The most commonly known Kalashnikov weapon, so called because of the designer Mikhail Kalashnikov, the AK-47 is not used as a matter of course by US Special Forces. The M4 carbine or M16 rifle is currently the preferred choice, although it is on a long list of weapons.
However, that is not to say that special forces are not trained in the use of the AK-47 ...
The story is plausible for two reasons:
1) Most enlisted military personnel at a time of war up to the 1950's were young sexually-active males. This has long been the case and applies to the military of many countries, not just the USA.
2) In some cities in Japan, prostitution was legalised and the prostitutes had rates of STD infection of up to 95%.
The subject of Spiegel article is the AK47 designed in 1947 and, as that article suggests, now considered somewhat obsolete and inaccurate.
Calibre: 7.62 vs 5.56
The AK47 uses a 7.62×39mm round.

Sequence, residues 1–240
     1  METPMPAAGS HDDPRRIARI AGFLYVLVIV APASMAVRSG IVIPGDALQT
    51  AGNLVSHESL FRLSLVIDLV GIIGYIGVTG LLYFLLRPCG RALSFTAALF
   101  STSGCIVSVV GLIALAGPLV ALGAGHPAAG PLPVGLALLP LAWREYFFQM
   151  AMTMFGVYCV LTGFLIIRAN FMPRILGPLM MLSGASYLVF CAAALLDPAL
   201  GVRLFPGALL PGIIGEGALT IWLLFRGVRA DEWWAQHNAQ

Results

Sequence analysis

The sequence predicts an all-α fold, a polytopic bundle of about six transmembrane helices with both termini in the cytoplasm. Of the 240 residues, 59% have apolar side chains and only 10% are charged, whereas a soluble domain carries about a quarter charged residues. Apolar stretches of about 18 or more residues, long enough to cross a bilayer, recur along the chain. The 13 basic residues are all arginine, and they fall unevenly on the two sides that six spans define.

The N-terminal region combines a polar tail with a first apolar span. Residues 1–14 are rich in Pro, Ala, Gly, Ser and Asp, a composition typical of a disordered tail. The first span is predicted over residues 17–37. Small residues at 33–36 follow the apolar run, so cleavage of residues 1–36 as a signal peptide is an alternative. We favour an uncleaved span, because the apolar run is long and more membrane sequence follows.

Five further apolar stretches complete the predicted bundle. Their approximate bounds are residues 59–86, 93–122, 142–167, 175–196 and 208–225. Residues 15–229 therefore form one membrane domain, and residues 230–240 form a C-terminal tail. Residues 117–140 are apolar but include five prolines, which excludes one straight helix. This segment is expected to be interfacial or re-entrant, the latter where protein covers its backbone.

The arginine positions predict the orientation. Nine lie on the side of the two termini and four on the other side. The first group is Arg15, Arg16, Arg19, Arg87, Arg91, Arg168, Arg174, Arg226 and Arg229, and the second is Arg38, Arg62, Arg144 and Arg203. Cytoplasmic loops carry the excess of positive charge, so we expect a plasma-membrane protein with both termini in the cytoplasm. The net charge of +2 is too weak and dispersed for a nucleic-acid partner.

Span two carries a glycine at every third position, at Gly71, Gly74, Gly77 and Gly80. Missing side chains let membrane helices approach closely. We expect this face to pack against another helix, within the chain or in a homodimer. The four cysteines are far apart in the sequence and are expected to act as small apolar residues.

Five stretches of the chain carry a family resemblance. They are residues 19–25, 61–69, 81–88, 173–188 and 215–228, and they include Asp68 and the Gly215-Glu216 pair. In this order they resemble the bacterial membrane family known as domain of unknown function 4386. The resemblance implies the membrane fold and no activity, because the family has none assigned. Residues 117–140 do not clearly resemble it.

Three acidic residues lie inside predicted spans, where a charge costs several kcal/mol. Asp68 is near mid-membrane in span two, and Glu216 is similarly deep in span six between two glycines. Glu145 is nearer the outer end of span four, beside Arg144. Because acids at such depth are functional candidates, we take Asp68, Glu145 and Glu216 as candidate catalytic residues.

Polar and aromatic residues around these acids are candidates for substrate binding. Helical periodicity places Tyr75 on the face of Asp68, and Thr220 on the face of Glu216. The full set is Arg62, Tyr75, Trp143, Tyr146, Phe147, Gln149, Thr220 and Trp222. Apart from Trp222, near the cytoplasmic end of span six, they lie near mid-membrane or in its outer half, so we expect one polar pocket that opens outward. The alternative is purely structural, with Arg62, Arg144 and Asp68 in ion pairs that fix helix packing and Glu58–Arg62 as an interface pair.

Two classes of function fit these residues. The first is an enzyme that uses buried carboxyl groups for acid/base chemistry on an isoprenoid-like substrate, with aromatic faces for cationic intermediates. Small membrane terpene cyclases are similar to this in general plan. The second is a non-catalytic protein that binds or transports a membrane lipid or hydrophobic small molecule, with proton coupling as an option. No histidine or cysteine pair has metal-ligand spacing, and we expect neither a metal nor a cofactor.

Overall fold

Under US influence, NATO switched from 7.62x51mm to 5.56×45mm to reduce recoil and improve rates of fire.
Recently this policy has been reversed ...
According to the US Naval Institute, yes an appendectomy was performed on a submarine.
On 11 September 1942, Pharmacist’s Mate First Class (PhM1/c) Wheeler B. Lipes agonized over the most difficult decision of his life. He had just diagnosed his shipmate, Seaman First Class Darrel D. Rector, with acute appendicitis. With their submarine Seadragon (SS-194) ...
The only video in that Daily Mail article is of Mark McAllister.
According to this article the producers called 911, he went to hospital and was diagnosed with epilepsy. That's corroborated by this page of his employer's web site:
In March of 2011, Mark experienced a seizure while reporting live during Global Toronto’s News Hour. He was diagnosed with ...